Lt. Gen. Timothy Haugh speaks at a ceremony at Joint Base San Antonio-Lackland, Texas, in July 2021. Image: DoD / Nadine Wiley De Moura
Lt. Gen. Timothy Haugh speaks at a ceremony at Joint Base San Antonio-Lackland, Texas, in July 2021. Image: DoD / Nadine Wiley De Moura

Cyber Command, NSA pick advances to Senate floor, but path to confirmation remains blocked

The Senate Armed Services Committee has approved President Joe Biden's nominee to be U.S. Cyber Command and National Security Agency chief, sending it to the chamber floor where an impasse over military promotions drags on.

Due to the “dual-hat” leadership structure that governs the two organizations, the panel technically cleared Air Force Lt. Gen. Timothy Haugh’s nomination last month so that it could be taken up by the Intelligence Committee, which shares jurisdiction. That committee approved his nomination July 13.

Haugh sailed through both of his nomination hearings this month and since no lawmakers objected within a 30-day window that ended this week, he was automatically sent to the full Senate.

However, there is no clear path for Haugh’s confirmation. Sen. Tommy Tuberville (R-AL) maintains a hold on the approval of senior military nominees in a months-long bid to reverse the Pentagon's abortion travel policy.

The one-man blockade now impacts nearly 300 officers, including Army Gen. William Hartman, the chief of the elite Cyber National Mission Force, who Biden has nominated to replace Haugh as Cyber Command’s No. 2. He was also approved by the Armed Services Committee last month.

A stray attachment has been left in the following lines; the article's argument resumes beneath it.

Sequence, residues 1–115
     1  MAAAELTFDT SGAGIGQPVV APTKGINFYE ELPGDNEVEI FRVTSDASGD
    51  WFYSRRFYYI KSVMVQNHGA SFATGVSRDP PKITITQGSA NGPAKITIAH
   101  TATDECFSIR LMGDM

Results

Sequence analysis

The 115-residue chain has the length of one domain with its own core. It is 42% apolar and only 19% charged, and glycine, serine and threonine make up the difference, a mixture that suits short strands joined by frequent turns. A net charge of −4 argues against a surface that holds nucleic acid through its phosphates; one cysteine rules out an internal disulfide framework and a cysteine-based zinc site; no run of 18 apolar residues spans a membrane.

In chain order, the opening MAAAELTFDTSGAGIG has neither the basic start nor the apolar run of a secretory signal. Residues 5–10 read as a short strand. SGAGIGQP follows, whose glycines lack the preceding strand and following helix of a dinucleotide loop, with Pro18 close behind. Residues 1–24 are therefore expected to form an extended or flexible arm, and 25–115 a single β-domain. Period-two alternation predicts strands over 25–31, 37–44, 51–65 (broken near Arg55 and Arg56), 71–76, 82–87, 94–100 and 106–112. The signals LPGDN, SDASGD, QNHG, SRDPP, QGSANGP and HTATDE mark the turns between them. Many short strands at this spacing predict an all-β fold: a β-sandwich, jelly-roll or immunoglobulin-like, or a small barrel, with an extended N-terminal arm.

The Senate could leave as soon as today for its summer recess and won’t return until after Labor Day, meaning it would be at least several more weeks before Haugh or Hartman get a vote.

Last night, a group of a dozen Senate Democrats spoke on the chamber floor for five hours to urge Tuberville to withdraw his blanket objection.

“The Senate has always treated military nominations with respect and bipartisan support as part of a routine promotion process. Now, they have been turned into political pawns by the Senator from Alabama,” Armed Services Committee Chair Jack Reed (D-RI) said, adding “only willful ignorance or stubborn hubris could lead one to continue down this path.”

The speeches came just days after a group of Armed Services members sent a letter to Senate Minority Leader Mitch McConnell (R-KY), asking him to “prevail” on Tuberville to end the pileup.

"As the leader of the Republican Conference, we count on you to hold your colleagues accountable when they recklessly cross boundaries and upend Senatorial order," the senators told McConnell, who has publicly disagreed with Tuberville’s tactics but hasn’t intervened.

"It falls to you to act now, for the safety and security of our nation. We urge you to exercise your leadership and prevail on Senator Tuberville to end his reckless hold," they added.

Majority Leader Chuck Schumer (D-NY) previously offered Tuberville a floor vote on the DoD abortion policy as the chamber works through its annual defense authorization bill but the Alabama Republican rejected the idea.

Schumer hasn’t ruled out keeping the Senate in session in August to deal with the issue but has thus far opted not to hold individual votes on nominees, instead hoping political pressure will force GOP leadership to get Tuberville in line and end the logjam.

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Martin Matishak

Martin Matishak

is the senior cybersecurity reporter for The Record. Prior to joining Recorded Future News in 2021, he spent more than five years at Politico, where he covered digital and national security developments across Capitol Hill, the Pentagon and the U.S. intelligence community. He previously was a reporter at The Hill, National Journal Group and Inside Washington Publishers.